HomeNewsChase Continues: Former Germany’s Red Army Faction Members Elude Capture Decades After the Cold War!

Chase Continues: Former Germany’s Red Army Faction Members Elude Capture Decades After the Cold War!


The Red Army Faction (RAF), a radical left-wing militant group, made international headlines during the 1970s and 1980s for its use of bombings, kidnappings, and assassinations as a means to voice its strong opposition to capitalist systems, Western imperialism, and the United States’ military presence in West Germany. The RAF’s notoriety was such that even decades after its dissolution at the end of the Cold War, several former members remain fugitives, wanted for unresolved crimes.

Formed in 1970, during one of the most tense periods of the Cold War, the RAF was born out of the student protest movement of the late 1960s. The group’s founders, Andreas Baader, Gudrun Ensslin, and Ulrike Meinhof, initially had established a counterculture that sought to challenge the ruling authority and social norms of West Germany, which they considered to be remnants of Nazi influences. However, this initial peaceful pursuit of social justice was later replaced by a more aggressive revolutionary agenda. The group then escalated into paramilitary action, using violence as a tool to provoke the collapse of what they perceived as a ‘fascist’ state.

The RAF mainly targeted establishments and individuals they believed were part of the capitalist-imperialist system that was oppressing the proletariat. These included government officials, leading industrialists, and US bases across West Germany. Among their most notable acts were the murders of Federal Prosecutor Siegfried Buback, the CEO of Dresdner Bank, Jürgen Ponto, and former SS officer Hanns Martin Schleyer.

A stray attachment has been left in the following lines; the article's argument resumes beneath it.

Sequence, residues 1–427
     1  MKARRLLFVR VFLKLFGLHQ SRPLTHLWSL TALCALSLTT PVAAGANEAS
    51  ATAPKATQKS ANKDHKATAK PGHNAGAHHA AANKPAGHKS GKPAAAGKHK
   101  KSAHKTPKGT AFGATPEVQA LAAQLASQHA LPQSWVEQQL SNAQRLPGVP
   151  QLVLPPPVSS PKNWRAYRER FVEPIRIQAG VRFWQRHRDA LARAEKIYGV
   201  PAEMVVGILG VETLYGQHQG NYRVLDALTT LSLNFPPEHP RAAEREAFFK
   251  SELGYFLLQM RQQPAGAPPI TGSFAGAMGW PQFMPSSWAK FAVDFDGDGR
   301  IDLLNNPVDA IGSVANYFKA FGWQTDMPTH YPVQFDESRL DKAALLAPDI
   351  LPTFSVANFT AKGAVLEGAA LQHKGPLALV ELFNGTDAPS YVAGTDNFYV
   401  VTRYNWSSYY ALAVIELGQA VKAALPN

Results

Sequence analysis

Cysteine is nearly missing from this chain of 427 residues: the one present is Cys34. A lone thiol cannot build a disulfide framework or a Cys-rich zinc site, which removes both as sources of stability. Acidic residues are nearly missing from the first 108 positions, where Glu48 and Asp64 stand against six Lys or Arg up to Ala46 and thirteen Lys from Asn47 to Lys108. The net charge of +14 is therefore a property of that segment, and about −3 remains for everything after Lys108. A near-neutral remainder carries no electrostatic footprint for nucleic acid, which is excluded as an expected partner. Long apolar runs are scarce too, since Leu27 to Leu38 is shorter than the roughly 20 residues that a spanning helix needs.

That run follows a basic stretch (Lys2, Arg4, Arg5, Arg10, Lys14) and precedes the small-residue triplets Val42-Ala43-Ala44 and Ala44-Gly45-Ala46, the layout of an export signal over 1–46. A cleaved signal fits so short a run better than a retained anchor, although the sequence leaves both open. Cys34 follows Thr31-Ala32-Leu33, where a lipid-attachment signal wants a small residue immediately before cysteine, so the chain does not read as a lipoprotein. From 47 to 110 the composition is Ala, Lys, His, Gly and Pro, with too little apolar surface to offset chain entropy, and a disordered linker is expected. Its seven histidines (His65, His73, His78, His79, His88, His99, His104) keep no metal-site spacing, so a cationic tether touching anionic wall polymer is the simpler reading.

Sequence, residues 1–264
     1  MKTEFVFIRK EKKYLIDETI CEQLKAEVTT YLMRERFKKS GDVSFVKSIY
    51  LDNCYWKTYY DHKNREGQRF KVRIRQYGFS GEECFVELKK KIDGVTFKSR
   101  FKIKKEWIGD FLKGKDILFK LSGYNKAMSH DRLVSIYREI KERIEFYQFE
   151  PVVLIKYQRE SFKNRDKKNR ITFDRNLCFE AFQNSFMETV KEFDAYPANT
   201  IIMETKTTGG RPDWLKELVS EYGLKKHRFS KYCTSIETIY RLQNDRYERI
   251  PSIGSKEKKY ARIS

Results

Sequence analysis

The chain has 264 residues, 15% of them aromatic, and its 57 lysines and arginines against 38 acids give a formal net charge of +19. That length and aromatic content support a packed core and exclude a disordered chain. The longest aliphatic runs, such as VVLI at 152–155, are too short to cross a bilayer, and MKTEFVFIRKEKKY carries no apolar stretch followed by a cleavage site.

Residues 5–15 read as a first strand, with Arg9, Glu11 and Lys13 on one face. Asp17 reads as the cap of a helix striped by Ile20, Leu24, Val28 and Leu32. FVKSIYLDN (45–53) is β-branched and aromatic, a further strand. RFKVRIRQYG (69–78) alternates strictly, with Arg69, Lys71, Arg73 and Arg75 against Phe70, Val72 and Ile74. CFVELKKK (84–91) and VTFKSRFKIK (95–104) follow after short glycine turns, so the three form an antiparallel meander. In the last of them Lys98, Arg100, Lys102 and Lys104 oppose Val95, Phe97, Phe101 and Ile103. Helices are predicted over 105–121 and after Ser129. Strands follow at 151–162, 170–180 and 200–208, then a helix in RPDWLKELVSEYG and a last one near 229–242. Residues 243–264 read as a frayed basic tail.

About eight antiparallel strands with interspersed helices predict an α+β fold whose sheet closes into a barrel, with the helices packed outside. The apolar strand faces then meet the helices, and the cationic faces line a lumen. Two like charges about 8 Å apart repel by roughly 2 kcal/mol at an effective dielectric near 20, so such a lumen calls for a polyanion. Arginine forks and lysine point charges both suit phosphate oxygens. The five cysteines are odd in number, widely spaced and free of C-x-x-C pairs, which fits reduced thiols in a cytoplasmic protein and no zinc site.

The RAF officially disbanded in 1998, but its legacy continues to affect Germany. Even today, former RAF members are still at large, linked to a chain of crimes that were never formally resolved. According to the Federal Criminal Police Office of Germany, several members of the RAF’s third generation are fugitives, with outstanding arrest warrants. These former members are still wanted for multiple fatal attacks perpetrated during the 1980s and early 1990s.

Moreover, in 2016 and 2017, forensic experts identified DNA from two former RAF members, Ernst-Volker Staub and Burkhard Garweg, at the scenes of several robberies in northern Germany. Similarly, former RAF member, Rolf Clemens Wagner, was arrested in 1998, stunning Germany and demonstrating that the specter of the RAF was far from eradicated.

The existence of RAF fugitives is not merely an unresolved criminal case; it continues to serve as an open-ended chapter of Germany’s recent history and symbolizes the region’s continuing struggle with the ghosts of its past. While the majority of Germans born post-Cold War know the RAF only from history books, the continued search for the RAF’s fugitives serves as a stark reminder of the group’s violent past and brings this tumultuous history to the fore. Furthermore, the search is indicative of Germany’s pursuit of justice, no matter how many years have passed.

In recent years, the discussion around the RAF has also stirred debates around political extremism and the effectiveness of Germany’s ‘post-war democracy.’ It’s important to note how Germany’s grappling with these enduring figures from its past contrasts with other narratives of the Cold War.

The ongoing manhunt is not just about finding fugitives, but an exploration of national memory. The former members of the Red Army Faction are living ghosts of a past era. The fact that they remain on the run is symbolic of the unfinished business between the democratic Germany of today and its politically tumultuous past.

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